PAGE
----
Buena Vista County, IA
USGenWeb Project

Extracted from:  Wegerslev, C. H. and Thomas Walpole. 
 Past and Present of Buena Vista County, Iowa
Chicago:  S. J. Clarke Publishing Co., 1909, p. 254-58.

Transcribed by Paul Nagy

Biography of Edward Nute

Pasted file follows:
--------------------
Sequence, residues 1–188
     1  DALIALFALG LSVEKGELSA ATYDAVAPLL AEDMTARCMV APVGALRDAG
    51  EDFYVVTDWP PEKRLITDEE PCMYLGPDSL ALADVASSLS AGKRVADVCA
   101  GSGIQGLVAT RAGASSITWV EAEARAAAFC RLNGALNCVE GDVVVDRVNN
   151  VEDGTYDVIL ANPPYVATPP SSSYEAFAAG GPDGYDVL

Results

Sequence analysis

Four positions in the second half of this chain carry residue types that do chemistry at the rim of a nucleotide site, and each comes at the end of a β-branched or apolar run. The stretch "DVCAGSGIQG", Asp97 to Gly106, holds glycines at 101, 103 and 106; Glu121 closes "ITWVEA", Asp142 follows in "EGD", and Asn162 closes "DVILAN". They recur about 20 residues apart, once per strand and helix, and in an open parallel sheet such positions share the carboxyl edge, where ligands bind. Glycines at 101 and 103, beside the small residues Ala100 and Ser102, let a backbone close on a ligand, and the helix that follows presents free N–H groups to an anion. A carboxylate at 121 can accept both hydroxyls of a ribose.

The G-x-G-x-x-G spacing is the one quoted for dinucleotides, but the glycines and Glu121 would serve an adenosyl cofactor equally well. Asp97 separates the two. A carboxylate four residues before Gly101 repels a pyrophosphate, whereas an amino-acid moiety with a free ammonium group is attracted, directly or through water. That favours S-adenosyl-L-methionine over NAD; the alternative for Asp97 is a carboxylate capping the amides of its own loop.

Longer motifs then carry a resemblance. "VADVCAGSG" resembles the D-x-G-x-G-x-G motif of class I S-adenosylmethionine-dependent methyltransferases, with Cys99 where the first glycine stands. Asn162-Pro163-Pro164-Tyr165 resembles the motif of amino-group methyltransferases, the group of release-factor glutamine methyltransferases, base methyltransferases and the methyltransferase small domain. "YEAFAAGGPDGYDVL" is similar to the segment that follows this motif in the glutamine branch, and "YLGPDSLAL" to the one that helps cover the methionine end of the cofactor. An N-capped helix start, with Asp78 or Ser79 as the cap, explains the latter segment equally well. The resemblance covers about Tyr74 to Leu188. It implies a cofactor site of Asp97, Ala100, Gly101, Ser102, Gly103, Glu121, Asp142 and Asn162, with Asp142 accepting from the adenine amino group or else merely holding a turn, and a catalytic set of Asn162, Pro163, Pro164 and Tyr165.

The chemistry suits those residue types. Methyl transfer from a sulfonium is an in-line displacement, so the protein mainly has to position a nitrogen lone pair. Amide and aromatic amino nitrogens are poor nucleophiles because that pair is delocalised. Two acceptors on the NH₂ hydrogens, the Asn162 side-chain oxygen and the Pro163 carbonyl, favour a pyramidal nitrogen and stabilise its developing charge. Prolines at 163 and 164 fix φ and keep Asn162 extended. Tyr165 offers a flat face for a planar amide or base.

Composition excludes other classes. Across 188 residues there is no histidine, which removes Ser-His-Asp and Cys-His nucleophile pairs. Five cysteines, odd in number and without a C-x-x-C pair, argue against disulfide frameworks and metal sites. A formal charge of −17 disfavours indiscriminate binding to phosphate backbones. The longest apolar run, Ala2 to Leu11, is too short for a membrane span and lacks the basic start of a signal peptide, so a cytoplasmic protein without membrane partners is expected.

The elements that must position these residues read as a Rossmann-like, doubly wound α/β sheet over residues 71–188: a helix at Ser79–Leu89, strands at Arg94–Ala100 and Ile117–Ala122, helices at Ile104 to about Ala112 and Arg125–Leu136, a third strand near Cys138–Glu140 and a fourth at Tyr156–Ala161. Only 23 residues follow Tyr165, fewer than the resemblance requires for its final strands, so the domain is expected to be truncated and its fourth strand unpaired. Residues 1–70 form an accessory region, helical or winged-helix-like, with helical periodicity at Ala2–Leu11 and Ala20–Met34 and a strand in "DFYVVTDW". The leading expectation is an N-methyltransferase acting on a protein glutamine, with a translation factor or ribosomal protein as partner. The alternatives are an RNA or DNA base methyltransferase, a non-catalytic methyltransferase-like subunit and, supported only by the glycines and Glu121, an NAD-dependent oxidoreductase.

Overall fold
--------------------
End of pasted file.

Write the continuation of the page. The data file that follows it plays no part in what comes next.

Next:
In the history of those men whose activity and diligence in former years constituted the basis of their present success, enabling them now to live retired, is numbered Edward Nute, a resident of Alta.  There are many reasons why he should be mentioned in this volume:  first, because he is an honored veteran of the Civil war; secondly, because he has been a progressive farmer and energetic business man of Maple Valley township; and thirdly, because his life in all of its varied phases has been in accord with the principles which govern upright, honorable manhood.  He has lived in Buena Vista county since 1875, and for twenty years was associated with the farming interests of Maple Valley township.  His birth occurred in Steuben county, New York, November 1, 1827.  His father, Rensselaer Nute, was a native of Vermont, born in 1801.  He married in Steuben county, New York, Miss Eve Bruner, a native of Herkimer county, that state.  By trade the father was a carpenter and joiner and was connected with building operations in the Empire state until his removal to Illinois.  He became one of the pioneers there, settling in Kane county in the fall of 1838, only six years after the Black Hawk war.  Later he removed to Cook county where he opened up a farm, living there at a time when Chicago was a little village of scarcely any industrial or commercial importance.  He afterward returned to Kane county, settling at Dundee, where he died in 1876 at the age of seventy-five years.  His wife survived him for some time and passed away in Dundee October 5, 1800.